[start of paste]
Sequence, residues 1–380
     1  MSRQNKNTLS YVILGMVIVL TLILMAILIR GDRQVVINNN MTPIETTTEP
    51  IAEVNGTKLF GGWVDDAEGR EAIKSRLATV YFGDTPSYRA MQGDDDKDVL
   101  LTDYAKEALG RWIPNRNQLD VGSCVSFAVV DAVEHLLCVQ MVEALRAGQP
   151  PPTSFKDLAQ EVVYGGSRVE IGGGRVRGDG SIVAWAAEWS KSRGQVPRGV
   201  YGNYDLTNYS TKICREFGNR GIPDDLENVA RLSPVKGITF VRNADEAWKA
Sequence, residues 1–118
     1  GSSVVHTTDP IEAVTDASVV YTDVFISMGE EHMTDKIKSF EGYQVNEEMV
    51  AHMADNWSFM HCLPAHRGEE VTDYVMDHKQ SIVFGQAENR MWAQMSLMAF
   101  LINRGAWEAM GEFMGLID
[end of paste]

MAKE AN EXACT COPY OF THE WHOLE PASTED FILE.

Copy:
Sequence, residues 1–380
     1  MSRQNKNTLS YVILGMVIVL TLILMAILIR GDRQVVINNN MTPIETTTEP
    51  IAEVNGTKLF GGWVDDAEGR EAIKSRLATV YFGDTPSYRA MQGDDDKDVL
   101  LTDYAKEALG RWIPNRNQLD VGSCVSFAVV DAVEHLLCVQ MVEALRAGQP
   151  PPTSFKDLAQ EVVYGGSRVE IGGGRVRGDG SIVAWAAEWS KSRGQVPRGV
   201  YGNYDLTNYS TKICREFGNR GIPDDLENVA RLSPVKGITF VRNADEAWKA
Sequence, residues 1–118
     1  GSSVVHTTDP IEAVTDASVV YTDVFISMGE EHMTDKIKSF EGYQVNEEMV
    51  AHMADNWSFM HCLPAHRGEE VTDYVMDHKQ SIVFGQAENR MWAQMSLMAF
   101  LINRGAWEAM GEFMGLID